A further significant change in English early childhood education was the introduction of the framework for early years education represented by the Desirable Outcomes for Children's Learning (SCAA, 1996). At that time, raising standards and improving quality in early childhood institutions were public priorities in policy making. The explicit expectation of this SCAA publication was that preschool education programs would enable children to reach the desirable outcomes by compulsory school age (the term after the child's 4th birthday). In 1999, the Qualifications and Curriculum Authority (QCA, 1999) replaced the Desirable Outcomes with Early Learning Goals. However, as Table 1 shows, the Early Learning Goals (QCA, 1999) do not differ very much from the Desirable Learning Outcomes and retain the same six areas of learning. The significant change, in terms of curriculum, is that the Early Learning Goals represent what most children are expected to achieve "by the end of the foundation stage (from 3 to the end of the reception year)" instead of "on reaching compulsory school age." The government introduced a Foundation Stage of early learning, which is a new stage of education for children age 3 to the end of their reception year when they will be 5, rising 6. The result is that the previous curriculum intended for 3- and 4-year-olds extends to include 5-year-olds.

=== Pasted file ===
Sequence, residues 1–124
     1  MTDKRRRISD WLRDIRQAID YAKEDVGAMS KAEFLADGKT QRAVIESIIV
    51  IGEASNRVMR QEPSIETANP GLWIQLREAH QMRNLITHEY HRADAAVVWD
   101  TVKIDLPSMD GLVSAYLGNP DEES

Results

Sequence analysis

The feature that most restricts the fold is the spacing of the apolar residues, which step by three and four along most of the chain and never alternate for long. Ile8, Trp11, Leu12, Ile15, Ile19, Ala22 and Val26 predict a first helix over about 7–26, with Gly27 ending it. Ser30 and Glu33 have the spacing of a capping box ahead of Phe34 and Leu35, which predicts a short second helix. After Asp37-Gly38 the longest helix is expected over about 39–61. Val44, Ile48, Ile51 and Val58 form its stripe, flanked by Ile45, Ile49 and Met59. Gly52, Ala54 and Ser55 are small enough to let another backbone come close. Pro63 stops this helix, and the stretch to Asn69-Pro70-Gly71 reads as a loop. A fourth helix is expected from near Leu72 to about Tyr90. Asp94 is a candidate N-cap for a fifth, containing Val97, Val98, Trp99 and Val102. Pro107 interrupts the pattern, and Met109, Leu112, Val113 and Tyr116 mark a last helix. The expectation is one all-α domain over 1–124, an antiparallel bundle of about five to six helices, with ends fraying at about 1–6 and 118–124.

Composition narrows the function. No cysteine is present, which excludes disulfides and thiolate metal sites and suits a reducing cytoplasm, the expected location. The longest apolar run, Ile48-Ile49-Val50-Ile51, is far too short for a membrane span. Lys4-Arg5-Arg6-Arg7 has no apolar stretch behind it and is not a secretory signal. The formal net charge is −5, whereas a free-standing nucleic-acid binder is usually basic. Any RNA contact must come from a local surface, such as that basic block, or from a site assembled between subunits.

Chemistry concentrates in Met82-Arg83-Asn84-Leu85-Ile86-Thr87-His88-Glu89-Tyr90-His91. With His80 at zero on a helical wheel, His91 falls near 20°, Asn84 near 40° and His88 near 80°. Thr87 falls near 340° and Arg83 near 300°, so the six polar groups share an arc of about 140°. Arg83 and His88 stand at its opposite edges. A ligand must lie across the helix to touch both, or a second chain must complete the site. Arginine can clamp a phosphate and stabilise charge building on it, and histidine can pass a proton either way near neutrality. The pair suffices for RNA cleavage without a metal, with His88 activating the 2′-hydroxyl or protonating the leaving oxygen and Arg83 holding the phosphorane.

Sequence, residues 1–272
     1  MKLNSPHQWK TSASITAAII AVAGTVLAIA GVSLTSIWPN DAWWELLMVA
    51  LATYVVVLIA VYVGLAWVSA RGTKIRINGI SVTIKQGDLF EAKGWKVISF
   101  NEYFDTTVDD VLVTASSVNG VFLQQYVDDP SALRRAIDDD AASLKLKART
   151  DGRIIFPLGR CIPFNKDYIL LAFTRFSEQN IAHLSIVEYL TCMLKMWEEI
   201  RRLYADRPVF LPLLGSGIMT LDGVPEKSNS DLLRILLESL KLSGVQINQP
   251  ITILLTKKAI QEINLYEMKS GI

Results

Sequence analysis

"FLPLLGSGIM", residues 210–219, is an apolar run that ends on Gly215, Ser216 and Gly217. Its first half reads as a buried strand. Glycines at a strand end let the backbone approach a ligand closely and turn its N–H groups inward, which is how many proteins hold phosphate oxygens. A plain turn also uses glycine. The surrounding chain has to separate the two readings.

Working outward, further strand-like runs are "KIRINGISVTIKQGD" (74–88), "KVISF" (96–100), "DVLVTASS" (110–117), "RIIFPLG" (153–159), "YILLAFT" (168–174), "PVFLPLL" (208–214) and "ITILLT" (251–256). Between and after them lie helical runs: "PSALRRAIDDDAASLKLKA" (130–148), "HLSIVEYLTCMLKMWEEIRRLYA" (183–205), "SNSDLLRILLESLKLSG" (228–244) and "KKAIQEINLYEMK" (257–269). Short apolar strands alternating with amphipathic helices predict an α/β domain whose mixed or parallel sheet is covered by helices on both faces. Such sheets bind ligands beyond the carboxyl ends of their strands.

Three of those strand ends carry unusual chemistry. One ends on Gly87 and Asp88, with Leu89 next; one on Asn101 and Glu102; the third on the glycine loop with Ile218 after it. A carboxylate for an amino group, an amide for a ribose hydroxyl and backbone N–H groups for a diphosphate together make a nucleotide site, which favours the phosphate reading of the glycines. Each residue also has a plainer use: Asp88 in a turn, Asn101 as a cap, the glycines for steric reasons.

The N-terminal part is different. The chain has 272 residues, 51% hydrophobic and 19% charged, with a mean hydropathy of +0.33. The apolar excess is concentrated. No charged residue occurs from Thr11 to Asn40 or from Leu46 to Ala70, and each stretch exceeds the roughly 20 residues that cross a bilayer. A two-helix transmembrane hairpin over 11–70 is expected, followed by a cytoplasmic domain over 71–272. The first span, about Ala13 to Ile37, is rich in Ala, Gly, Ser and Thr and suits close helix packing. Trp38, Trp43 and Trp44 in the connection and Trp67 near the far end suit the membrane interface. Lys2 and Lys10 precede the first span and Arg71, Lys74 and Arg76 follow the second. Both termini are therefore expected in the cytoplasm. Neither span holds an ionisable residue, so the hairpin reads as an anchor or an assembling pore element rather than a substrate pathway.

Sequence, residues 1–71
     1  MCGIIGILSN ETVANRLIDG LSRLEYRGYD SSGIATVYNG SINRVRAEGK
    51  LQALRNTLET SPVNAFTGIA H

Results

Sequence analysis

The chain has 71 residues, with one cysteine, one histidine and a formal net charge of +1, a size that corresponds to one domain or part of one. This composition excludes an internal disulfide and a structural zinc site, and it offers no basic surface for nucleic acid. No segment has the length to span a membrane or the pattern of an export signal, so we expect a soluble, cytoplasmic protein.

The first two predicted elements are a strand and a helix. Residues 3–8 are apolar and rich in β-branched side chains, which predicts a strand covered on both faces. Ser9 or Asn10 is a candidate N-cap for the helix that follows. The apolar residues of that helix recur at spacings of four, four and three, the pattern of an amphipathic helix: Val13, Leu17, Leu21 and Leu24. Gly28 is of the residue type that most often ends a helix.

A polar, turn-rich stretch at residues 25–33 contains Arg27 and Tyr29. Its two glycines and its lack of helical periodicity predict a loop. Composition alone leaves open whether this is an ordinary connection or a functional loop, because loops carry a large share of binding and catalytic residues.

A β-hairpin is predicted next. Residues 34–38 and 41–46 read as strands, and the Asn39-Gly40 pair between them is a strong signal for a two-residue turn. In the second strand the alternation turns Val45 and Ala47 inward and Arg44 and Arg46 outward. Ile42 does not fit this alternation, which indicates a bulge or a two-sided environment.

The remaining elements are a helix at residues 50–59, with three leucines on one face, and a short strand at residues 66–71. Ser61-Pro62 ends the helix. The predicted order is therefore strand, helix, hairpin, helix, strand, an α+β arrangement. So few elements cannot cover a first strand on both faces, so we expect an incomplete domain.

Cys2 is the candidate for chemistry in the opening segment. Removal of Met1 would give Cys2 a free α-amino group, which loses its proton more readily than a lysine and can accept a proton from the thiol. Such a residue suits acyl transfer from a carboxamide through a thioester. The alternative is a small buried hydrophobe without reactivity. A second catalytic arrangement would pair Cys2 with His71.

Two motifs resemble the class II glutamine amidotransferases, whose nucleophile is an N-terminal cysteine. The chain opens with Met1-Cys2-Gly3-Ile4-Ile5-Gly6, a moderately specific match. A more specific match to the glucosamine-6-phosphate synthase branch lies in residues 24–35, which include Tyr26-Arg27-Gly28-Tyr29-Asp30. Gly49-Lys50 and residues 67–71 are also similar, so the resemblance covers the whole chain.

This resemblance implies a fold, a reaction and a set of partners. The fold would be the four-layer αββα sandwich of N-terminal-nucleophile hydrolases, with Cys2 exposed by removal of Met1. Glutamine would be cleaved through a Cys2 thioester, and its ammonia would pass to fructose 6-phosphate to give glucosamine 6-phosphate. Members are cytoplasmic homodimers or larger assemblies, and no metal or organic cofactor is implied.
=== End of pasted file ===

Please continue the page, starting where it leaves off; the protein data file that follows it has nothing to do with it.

|Desirable Outcomes (1996)||Early Learning Goals (1999)|
|Age||For 3- to 4-year-olds||Foundation Stage: From 3 to the end of reception year (5- to 6-year-olds)|
1. Personal and social development
2. Language and literacy
4. Knowledge and understanding of the world
5. Physical development
6. Creative development
1. Personal, social, and emotional development
2. Communication, language, and literacy